On November 29th, 2019, industrial legend Pigface will take the stage in Minneapolis, MN during Pigface's first tour in 14 years. However, taking the stage before Pigface is a very promising Minneapolis industrial trio, depotek on Facebook. Having only one EP, Line of Sight isn't allowing Minneapolis's music scene overlook them and any industrial fan reading this should do the same.
Line of Sight (tracklisting)
Humanoid (Wild Thing)
Hang Me High
Current Band Lineup:
Nick H - Bass, Guitars, Electronics, Engineering
Devin T - Drums, Production
M. Wolf - Vocals, Guitars, Electronics, Production
Cecilia Holmes - Keyboards, Backing Vocals (Joined in 2019)
While depotek may have many elements of older industrial acts, it would be ad complete misrepresentation to say they don't sound original. The music is eclectic and history has shown that industrial acts, not to label or pigeonhole them, are very diverse by nature. For those who are unfamiliar with industrial, no two bands/projects sound alike. It is more accurate to say that "industrial" is considered an umbrella term. In fact, Nine Inch Nails' Trent Reznor repeatedly stated in the 1990s that he doesn't feel NIN is industrial at all. Once I have a source, I will post a resource of this as it would be a very old article.
depotek is already starting in a wonderful way, in my opinion. Still fresh and with only a five-song EP to their credit, all five songs follow a concept Trent Reznor has always seemed to follow: variance. Two out of the five songs may have a similar style, however, the remaining three have their own singularity and are entirely their own entities. From a fellow musician's perspective, this is intelligent because you don't start off with any presumptions in follow up material, including their own expectations. It is too easy to get into a pattern that's difficult to deviate from.
"Android" begins with a very hooky drum sequence that reminds me of a lot of films and clubs with that dark and grainy atmosphere. Picture a scene in Underworld (2003)
or The Crow (1994)
when the bad guy characters are walking through a dark club. This is an excellent element and started hooking me right from the start, having never heard depotek before. It also introduces the listener to one, though not the only, that seems to run through the band: distinct basslines from Nick that state "I'm not just going to follow the guitar riffs". Wolf's vocals in the verses come in as a low toned, soft enunciated mutter but turn to a near industrial metal style growl in the chorus. The groove in the chorus and lead in to its finale has a definite "crowd sway" to it that I'm sure will be enjoyable to see live.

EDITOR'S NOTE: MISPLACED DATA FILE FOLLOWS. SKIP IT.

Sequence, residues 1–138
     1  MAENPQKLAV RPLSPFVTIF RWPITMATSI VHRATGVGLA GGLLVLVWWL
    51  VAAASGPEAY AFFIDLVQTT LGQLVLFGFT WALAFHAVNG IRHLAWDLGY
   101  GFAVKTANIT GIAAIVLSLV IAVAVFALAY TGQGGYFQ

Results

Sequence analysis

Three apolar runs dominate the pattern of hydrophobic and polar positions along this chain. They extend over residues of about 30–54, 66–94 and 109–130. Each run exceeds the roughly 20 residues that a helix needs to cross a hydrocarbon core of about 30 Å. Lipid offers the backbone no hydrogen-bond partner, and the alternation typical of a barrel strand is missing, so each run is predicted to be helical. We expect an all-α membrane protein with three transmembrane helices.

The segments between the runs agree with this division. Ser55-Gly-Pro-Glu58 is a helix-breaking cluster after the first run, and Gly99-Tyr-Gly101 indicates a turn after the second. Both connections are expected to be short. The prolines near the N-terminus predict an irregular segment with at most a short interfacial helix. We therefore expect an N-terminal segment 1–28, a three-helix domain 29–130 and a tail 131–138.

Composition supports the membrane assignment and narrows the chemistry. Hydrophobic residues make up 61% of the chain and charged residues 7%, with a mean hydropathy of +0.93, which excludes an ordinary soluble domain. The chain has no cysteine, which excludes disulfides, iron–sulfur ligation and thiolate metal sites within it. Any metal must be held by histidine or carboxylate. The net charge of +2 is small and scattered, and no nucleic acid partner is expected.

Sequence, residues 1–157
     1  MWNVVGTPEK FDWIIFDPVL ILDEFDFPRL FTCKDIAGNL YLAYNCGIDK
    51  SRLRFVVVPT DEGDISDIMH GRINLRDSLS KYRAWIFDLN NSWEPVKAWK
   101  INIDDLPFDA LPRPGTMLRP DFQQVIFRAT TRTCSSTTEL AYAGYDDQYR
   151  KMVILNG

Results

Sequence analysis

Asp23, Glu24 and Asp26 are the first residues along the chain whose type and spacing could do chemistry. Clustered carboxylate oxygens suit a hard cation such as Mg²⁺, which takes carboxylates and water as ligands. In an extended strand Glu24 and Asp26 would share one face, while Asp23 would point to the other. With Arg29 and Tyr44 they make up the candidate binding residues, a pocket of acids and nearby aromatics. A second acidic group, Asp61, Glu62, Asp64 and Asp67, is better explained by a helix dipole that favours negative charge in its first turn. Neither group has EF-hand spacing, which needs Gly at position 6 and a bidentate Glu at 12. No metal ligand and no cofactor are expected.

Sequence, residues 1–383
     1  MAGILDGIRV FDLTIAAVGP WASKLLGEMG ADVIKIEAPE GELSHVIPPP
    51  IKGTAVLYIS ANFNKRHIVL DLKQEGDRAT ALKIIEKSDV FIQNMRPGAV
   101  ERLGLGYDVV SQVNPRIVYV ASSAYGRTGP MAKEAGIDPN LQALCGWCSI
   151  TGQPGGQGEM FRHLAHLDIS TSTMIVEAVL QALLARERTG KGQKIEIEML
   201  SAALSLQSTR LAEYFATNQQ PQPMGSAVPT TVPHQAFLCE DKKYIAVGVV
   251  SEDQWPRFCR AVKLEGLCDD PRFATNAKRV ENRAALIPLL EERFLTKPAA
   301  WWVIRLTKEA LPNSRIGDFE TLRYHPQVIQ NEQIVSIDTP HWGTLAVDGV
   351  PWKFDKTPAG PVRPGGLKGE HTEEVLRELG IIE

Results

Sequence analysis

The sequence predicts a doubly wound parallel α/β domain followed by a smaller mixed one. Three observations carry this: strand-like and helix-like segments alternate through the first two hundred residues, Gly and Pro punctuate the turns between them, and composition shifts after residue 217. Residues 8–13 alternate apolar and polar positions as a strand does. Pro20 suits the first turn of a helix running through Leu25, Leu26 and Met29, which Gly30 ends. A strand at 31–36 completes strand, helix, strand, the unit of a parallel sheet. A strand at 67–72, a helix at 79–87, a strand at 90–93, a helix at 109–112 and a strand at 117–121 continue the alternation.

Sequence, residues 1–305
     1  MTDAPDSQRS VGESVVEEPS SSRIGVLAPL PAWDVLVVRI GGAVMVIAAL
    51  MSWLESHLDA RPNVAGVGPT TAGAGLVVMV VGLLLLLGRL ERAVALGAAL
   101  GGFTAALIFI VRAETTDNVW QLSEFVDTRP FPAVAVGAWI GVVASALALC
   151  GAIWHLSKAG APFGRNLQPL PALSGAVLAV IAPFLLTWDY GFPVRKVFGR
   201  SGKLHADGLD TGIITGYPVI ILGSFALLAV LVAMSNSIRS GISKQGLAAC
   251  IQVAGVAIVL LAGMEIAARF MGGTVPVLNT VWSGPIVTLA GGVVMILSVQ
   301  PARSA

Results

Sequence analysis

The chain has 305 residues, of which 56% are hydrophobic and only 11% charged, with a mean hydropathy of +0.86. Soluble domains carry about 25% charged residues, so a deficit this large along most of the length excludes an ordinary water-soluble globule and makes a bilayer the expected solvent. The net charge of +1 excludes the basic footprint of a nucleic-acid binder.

"No Tomorrow" starts with an odd time signature electronic arpeggio that also states its separation from the previous song. The grooves also follow a sort of crowd say atmosphere to it. Guitars definitely seem to be influenced by the old industrial acts with Wolf's vocals mixing the two styles of the previous song. It's very solid and consistent, though not boring or too repetitive.
"Blox" detours from the first style of the first two songs nearly completely. Opening with nearly thrash metal riffs and rhythms, it's very high energy with two-track vocals, one being rather melodic. Its chorus returns to the thrash and pulls back in the growly vocals. Its bridge separates styles once again, especially percussion which somehow mixes metal-ish double bass pedal with punk-style snares that sound fantastic.
"Hang Me High", my intent to be very complimentary, seems to have an good amount of influence of an industrial band that isn't actually listed: Sister Machine Gun
. Slower, cleaner drums open it up that doesn't sound industrial at all, which is followed by a very slow and slithery bassline that again illustrates the bassists individual efforts to the band as opposed to only following the guitar riffs. Vocals are also very different as Wolf waves in and out between a melodic tone and low mutter. I won't give away some surprise shifts in genre techniques other than there are elements that are, dare I say, bluesy.
"Humanoid (Wild Thing)" is likely the most difficult song to sum up in a short paragraph, which is wonderful. It drastically weaves in and out of different genre styles with low, distant and melodic vocals. Again, there are some nicely surprising elements, so I won't go into too much detail.
Overall, should you show up early to the Pigface show at The Cabooze in Minneapolis (November 29th, 2019)
to see them? YES. It would be a mistake not to, even if you leave not thinking it's not for you. They are different enough that, unless you're going to be following Top 40 radio that raises the question of why you're at a Pigface concert to begin with, they are "must check out". I'm even more excited that they are from Minneapolis as I would anticipate them to grow in popularity and success. Certainly keep a close eye on them. As always, if you can, support the band and grab some merchandise while you are there.
If unable to make it to the concert, which is likely, listen to them on Spotify or grab their digital music on Amazon. depotek is the first industrial pleasant surprise that I've encountered in a long time. I'll be recommending and continuing to listen.